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Click the tabs “Opportunity,” “Discipline,” “Segregation” and “Achievement Gap” and answer these two simple questions: What do you notice? (These are the same questions we ask as part of our “What’s Going On in This Graph? Next, click the tabs “Black” and “Hispanic.” What do you notice? Zyahna Bryant and Trinity Hughes, high school seniors, have been friends since they were 6, raised by blue-collar families in this affluent college town.They played on the same T-ball and softball teams, and were in the same church group.Does this funding inequality have anything to do with lingering segregation in public schools? A New York Times article published in February begins: School districts that predominantly serve students of color received billion less in funding than mostly white school districts in the United States in 2016, despite serving the same number of students, a new report found. • On the other hand, did anything in the article strike you as unsurprising? Research your local school district budget, using public records or local media, such as newspapers or television reporting. How does that budget compare with the state average? Do the results of your research suggest any correlations? A Times article from August reports on a wave of lawsuits that argue that states are violating their constitutions by denying children a quality education.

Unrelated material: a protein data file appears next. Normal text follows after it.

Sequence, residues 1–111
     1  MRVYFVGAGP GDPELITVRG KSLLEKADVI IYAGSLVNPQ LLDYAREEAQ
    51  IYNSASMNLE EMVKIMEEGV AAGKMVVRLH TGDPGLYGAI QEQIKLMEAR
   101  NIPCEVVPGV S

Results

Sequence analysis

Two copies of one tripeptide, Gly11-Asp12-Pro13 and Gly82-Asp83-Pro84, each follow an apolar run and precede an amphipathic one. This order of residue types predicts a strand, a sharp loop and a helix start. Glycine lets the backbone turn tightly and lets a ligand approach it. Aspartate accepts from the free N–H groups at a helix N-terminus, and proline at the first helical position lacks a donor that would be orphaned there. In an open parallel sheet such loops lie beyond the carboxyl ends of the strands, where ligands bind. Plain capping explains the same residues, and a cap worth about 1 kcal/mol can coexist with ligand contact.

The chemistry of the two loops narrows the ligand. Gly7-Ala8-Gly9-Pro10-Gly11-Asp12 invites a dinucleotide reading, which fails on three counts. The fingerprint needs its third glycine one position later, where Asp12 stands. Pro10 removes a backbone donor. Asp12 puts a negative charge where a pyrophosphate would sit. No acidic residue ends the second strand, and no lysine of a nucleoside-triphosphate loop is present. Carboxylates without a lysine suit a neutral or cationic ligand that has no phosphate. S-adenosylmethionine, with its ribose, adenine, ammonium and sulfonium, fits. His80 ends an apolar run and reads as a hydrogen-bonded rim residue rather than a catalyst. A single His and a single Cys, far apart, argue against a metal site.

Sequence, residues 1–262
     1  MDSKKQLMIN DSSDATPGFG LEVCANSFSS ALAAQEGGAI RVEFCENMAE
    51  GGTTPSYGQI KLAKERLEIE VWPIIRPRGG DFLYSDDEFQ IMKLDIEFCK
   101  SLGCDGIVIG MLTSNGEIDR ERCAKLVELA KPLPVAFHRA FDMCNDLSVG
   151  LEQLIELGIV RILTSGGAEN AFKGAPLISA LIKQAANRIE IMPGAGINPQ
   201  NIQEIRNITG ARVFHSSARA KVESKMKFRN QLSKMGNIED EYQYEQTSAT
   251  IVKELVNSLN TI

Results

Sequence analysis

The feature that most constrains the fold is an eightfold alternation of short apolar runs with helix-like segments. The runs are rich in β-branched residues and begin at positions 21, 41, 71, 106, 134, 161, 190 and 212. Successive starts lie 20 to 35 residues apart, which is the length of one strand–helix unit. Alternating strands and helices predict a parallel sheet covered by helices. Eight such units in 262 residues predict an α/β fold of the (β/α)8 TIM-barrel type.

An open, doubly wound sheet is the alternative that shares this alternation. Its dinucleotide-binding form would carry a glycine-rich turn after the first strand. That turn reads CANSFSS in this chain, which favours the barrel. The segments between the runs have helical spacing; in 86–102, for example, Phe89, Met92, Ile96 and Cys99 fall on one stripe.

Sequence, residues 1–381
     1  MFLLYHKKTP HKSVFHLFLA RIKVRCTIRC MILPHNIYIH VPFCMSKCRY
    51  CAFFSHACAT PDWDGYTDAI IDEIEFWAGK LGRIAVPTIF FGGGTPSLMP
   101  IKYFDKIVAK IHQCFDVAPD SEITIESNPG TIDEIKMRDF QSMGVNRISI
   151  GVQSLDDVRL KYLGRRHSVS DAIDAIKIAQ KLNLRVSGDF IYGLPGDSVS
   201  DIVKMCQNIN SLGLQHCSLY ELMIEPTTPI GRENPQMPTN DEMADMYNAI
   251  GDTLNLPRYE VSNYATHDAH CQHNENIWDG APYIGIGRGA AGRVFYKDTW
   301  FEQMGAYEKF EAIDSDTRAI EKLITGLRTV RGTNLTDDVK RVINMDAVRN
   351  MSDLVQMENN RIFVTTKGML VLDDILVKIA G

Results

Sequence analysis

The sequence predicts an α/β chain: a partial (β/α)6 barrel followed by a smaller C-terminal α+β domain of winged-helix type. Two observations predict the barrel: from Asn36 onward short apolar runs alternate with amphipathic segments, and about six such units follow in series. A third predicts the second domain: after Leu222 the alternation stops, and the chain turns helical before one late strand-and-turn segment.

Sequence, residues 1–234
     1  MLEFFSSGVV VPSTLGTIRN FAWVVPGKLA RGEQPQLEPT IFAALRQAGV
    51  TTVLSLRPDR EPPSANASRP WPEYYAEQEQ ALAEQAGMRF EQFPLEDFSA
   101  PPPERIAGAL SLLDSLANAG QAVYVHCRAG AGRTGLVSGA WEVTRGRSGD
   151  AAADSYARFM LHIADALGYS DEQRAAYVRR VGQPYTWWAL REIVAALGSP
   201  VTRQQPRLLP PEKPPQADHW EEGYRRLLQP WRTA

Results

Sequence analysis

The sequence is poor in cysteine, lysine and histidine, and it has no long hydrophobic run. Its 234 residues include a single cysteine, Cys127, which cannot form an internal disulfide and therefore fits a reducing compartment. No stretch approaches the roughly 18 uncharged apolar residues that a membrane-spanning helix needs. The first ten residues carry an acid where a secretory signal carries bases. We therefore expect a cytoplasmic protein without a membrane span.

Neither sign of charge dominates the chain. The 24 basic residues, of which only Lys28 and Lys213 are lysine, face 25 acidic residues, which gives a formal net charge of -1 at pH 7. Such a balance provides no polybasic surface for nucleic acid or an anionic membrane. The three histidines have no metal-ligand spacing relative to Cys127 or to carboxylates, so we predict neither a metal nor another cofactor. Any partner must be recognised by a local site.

To get started: Scroll down to the interactive map of the United States in this Pro Publica database and then answer the following questions:1. Search for your school or district in the database. Then write an essay, create an oral presentation or make an annotated map on segregation and educational inequity in your community, using data from the Miseducation database._________Activity #2: Explore a case study: schools in Charlottesville, Va.According to a recent Times article, “More than half of the nation’s schoolchildren are in racially concentrated districts, where over 75 percent of students are either white or nonwhite.” In addition, school districts are often segregated by income.The nexus of racial and economic segregation has intensified educational gaps between rich and poor students, and between white students and students of color. “That’s a shame because an abundance of research shows that integration is still one of the most effective tools that we have for achieving racial equity.”The teaching activities below, written directly to students, use recent Times articles as a way to grapple with segregation and educational inequality in the present.To learn more about this story, listen to this episode of The Daily.For more information, read these Op-Ed essays and editorials offering different perspectives on the problem and possible solutions. Read and discuss “The Resegregation of Jefferson County.” How does this story confirm, challenge or complicate your understanding of the topic?But like many African-American children in Charlottesville, Trinity lived on the south side of town and went to a predominantly black neighborhood elementary school.Zyahna lived across the train tracks, on the north side, and was zoned to a mostly white school, near the University of Virginia campus, that boasts the city’s highest reading scores.Before you read the rest of the article, and learn about the experiences of Zyahna and Trinity, answer the following questions based on your own knowledge, experience and opinions:• What is the purpose of public education?• Do all children in America receive the same quality of education?How does this perspective confirm, challenge, or complicate your understanding of the topic? Read and discuss the article and study the map and graphs in “Why Are New York’s Schools Segregated?It’s Not as Simple as Housing.” How does “school choice” confirm, challenge or complicate your understanding of segregation and educational inequity? Only a tiny number of black students were offered admission to the highly selective public high schools in New York City in 2019, raising the pressure on officials to confront the decades-old challenge of integrating New York’s elite public schools.